Craig Cotton: "Our Close Family Got Closer."
Hurricane Ivan was the worst storm ever to hit the Alabama Gulf Coast and it came on the night that Joshua Craig Cotton was born at South Baldwin Regional Medical Center. According to Joshua Craig's Dad, Craig, the hurricane brought more than
raging winds and rain to SBRMC that night. "Our close family got closer," Craig said as he described the experience of his son's birth during a hurricane.
The Cotton family— Craig, his wife and Joshua's mother Deana, son C. J. (Craig, Jr.), age three and a half, Craig's parents Ricky and Jeanie Cotton of Orange Beach, and his sister, Nikki, a teacher at Orange Beach Elementary School— spent the entire night of Ivan at the hospital. Joshua, called J.C. by his family now, was born by Caesarean section just before the worst of the storm came ashore in Gulf Shores.
"It is very unusual for a hospital to be flexible enough to accommodate a family like ours in the middle of a major storm," Craig said, "but that is exactly what South Baldwin did. Everyone was so nice, and (SBRMC CEO) Stephen Pennington is a
really good guy. He was working so hard to meet the needs of all the patients. When the power went off around 10 p.m., he found generators and he was constantly checking on all of us."
The Cotton's story actually began on the Tuesday before Ivan struck early Thursday morning, Sept. 16. Deana had been given a due date of Sept. 17 and she knew her baby would be delivered by C-section. She and Craig also knew that Hurricane Ivan would hit the Gulf Coast somewhere. That night, Deana felt some pressure, but she wasn't concerned because the storm had not yet turned toward the Alabama Coast.
On Wednesday morning, Deana's contractions were about 20 minutes apart, and Craig decided "we needed to do something."
So he put his wife, his young son and his Mom in the car and told them to go to the hospital. Then he and his Dad set about boarding up their homes and their rental houses in Elberta and Orange Beach. They talked to Dr. James West, Deana's
obstetrician, who said they were doing the right thing.
"I knew the women and the children were safe because they were with Stephen at the hospital," Craig said, and the later it got the more the hurricane started steering itself toward us." Craig said that he remembered that the birth of his first son, C.J., also by C-section, went rapidly. J.C.'s birth also went rapidly. Craig's Mom called him and asked, "Where are you?" Two minutes later, she called again and asked, "What do you want me to do?"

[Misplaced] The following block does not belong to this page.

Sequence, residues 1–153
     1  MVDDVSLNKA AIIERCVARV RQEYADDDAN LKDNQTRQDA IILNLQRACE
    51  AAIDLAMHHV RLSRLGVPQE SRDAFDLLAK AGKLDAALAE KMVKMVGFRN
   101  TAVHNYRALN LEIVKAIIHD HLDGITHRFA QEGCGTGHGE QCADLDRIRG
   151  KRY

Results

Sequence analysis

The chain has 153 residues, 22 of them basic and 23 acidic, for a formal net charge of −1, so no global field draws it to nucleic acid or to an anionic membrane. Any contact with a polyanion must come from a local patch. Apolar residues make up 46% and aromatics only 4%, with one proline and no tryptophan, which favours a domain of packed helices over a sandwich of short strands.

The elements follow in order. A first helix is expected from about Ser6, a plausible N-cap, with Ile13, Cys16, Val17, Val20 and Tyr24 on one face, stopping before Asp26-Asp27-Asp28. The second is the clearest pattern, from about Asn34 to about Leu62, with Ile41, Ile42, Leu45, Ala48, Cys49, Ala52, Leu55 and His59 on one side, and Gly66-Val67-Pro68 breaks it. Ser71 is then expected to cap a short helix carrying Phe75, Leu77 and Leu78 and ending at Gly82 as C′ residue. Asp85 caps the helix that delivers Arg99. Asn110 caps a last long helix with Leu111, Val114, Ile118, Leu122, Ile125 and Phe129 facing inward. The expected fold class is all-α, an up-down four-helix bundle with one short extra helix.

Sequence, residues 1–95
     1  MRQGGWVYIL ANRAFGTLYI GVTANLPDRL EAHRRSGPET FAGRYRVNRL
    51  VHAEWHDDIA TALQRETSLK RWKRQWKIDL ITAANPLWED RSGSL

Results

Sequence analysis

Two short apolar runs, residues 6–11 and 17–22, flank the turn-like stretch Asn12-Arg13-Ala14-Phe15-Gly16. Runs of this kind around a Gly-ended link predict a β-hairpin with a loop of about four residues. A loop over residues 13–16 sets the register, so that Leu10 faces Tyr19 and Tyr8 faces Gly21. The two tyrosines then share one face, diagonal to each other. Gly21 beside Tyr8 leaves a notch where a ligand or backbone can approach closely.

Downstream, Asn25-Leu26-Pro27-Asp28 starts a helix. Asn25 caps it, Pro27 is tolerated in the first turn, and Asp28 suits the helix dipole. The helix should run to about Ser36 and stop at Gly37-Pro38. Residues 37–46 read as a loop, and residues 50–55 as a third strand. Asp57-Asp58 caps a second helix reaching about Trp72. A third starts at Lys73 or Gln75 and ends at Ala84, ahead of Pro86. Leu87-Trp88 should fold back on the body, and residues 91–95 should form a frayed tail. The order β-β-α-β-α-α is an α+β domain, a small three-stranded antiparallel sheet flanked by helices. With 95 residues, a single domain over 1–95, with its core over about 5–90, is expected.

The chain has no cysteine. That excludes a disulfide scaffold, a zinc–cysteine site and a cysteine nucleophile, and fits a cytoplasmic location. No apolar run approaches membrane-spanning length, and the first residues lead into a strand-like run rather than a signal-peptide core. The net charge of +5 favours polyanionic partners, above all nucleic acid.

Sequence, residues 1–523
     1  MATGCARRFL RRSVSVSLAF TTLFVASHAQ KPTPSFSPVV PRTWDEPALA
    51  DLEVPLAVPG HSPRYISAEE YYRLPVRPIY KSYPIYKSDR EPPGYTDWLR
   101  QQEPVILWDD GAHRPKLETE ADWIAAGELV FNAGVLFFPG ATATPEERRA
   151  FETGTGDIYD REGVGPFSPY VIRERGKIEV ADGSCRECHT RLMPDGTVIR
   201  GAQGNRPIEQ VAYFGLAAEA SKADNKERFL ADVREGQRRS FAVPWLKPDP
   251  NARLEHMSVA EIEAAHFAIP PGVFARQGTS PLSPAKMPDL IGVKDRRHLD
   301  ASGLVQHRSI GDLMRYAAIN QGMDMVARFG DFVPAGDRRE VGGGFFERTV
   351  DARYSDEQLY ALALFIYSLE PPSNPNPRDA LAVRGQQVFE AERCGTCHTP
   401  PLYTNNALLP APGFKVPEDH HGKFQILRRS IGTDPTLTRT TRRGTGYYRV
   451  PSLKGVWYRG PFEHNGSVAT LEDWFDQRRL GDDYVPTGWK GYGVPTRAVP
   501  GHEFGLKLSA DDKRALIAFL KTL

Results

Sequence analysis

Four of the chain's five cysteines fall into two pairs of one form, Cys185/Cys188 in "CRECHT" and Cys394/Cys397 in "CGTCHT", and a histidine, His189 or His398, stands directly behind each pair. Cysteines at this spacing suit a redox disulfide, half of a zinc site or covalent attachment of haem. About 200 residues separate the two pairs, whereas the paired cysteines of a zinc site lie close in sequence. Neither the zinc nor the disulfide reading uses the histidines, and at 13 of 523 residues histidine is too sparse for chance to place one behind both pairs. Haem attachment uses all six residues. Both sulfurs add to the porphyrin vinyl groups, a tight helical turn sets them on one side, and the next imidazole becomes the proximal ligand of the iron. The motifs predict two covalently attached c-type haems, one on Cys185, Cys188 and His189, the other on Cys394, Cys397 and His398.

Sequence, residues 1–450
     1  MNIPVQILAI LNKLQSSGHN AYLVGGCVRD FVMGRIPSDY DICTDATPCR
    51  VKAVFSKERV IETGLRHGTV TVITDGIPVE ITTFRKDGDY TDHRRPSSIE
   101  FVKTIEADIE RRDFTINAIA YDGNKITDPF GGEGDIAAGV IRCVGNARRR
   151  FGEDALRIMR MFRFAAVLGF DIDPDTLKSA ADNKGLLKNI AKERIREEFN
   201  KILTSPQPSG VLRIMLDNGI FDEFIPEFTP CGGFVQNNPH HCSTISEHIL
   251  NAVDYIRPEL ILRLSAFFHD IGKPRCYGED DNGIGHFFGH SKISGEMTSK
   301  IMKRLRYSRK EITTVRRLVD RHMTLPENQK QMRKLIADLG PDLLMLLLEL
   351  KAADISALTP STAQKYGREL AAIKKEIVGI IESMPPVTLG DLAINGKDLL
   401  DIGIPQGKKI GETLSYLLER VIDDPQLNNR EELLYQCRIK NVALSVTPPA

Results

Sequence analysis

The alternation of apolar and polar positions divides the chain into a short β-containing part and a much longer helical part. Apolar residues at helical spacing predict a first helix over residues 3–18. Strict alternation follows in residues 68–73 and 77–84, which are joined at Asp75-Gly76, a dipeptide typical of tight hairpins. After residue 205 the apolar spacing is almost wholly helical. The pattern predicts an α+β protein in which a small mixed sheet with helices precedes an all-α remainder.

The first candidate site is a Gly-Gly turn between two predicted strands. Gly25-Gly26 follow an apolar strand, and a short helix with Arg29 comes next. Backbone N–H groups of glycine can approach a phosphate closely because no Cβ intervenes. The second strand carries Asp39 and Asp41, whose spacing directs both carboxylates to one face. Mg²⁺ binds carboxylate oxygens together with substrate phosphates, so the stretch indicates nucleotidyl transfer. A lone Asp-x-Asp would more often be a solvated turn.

As it turned out, Craig's Mom was with Deana when J.C. was born, and Craig got to the hospital just as nurses walked out of the operating room with J.C. Then, the whole family settled in to spend the night at the hospital because as Craig put it, "there is no separating us—if one goes, we all go. "They moved us to the Outpatient Services waiting room for safety later and let us take our pillows and blankets and crash there," Craig said. "I passed Stephen several times going in and out of the Emergency Room while he was looking after people. "
When Deana and Craig returned home, they found holes in the roof. no sewer, water on the floor and no electricity. Craig, who is Construction Manager for the City of Foley, hooked up two generators and put Deana, C.J. and J.C. in one bedroom where they stayed until the power came on nine days later. "I know a little bit about a lot of things, but not a lot about one thing, so I figured out how to hook up a generator to the sewer grinder pump enough to empty the tank. It was integrity-building time," Craig said.
In spite of their birthing experience during Ivan, Craig and Deana plan to have more children at SBRMC. "In the last few years, that hospital has been turned around," Craig said. "It still gets a bad rap from some people because of long-past experiences, but it shouldn't because it is just an excellent hospital now, and Stephen Pennington is a true leader. I don't know how we can every repay them for the way they helped us on that night."